Blog #3 is for Grades 3-8 Class Teachers
How can you especially give your gifted students a challenge so that they keep actively engaged in their learning? Challenge Books!
In every class there are always those students who finish their assignments accurately and proficiently prior to the rest of the class. Of course, you first have to verify if they have completed the assignment correctly and that they used the quality of skill (handwriting and/or artistic presentation) that you requested. But then what?
We found that beginning in 3rd grade challenge books can provide an answer. These books are a collection of brainteasers and curriculum exercises that can be copied and made into booklets. These exercises don't teach new skills, but rather give these students the opportunity to use those skills they have already been developing in new ways thus we promote that you give these challenge books to each student in the class.
Why do we say "beginning in the 3rd grade"?
Your students will need to be able to decode the instructions on their own, so we suggest that you introduce these books once a majority of your students have "cracked the code" (in other words, students who can read to learn rather than still learning to read) and we find that that happens in 3rd grade.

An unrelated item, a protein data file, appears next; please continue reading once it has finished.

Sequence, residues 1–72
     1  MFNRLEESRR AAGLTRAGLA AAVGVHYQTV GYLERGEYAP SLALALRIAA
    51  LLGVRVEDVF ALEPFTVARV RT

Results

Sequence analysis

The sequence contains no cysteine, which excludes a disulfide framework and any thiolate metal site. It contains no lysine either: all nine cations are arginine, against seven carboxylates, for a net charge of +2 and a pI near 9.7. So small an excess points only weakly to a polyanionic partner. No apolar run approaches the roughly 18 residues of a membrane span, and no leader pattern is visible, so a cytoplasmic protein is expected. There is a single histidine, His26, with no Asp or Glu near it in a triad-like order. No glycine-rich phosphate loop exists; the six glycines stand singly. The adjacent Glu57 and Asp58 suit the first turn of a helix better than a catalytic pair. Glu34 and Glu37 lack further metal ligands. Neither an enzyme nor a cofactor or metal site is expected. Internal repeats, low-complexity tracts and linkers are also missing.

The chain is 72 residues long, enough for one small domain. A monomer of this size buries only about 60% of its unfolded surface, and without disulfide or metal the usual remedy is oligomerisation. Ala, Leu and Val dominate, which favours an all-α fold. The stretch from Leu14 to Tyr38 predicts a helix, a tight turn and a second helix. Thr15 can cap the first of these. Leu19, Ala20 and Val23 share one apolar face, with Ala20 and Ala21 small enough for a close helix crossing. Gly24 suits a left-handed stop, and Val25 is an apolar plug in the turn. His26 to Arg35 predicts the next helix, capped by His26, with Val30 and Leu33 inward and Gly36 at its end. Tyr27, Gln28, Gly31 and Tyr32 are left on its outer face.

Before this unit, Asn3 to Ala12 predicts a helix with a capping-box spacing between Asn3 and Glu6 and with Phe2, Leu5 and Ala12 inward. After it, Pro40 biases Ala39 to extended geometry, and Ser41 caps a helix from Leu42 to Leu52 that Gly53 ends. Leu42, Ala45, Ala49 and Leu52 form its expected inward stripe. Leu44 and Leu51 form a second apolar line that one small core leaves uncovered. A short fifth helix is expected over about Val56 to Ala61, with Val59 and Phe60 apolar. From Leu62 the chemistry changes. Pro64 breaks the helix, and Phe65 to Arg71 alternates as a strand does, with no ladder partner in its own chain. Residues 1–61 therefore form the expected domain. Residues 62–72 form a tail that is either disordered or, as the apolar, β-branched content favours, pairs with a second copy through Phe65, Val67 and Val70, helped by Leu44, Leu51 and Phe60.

When and how do you create a challenge book?
Of course, the summer is a great time to gather different exercises and assemble your first book, but they can be created anytime during the year. Each book should be spiral–bound, if possible, and have 24 pages (front back for a total of 48 pages) plus a cover and a back (which the student could decorate). Collect enough material to make at least one book per semester. Make a copy of the first book for each student in the class. Some will go through several books during the year, some will get partially through a book, and others will never open it up because it takes them all of the allotted time in main lesson to complete an assignment. You could send home the incomplete books over the summer for students to work on, if you decide this would be advantageous for the student.
What kinds of exercises can go into your challenge books and where might you find them?
For a number of examples of challenge book entries and resources, go to the "How To" – "Miscellaneous" section to access the complete article on challenge books. We hope you have as much fun assembling them as your students will have doing them!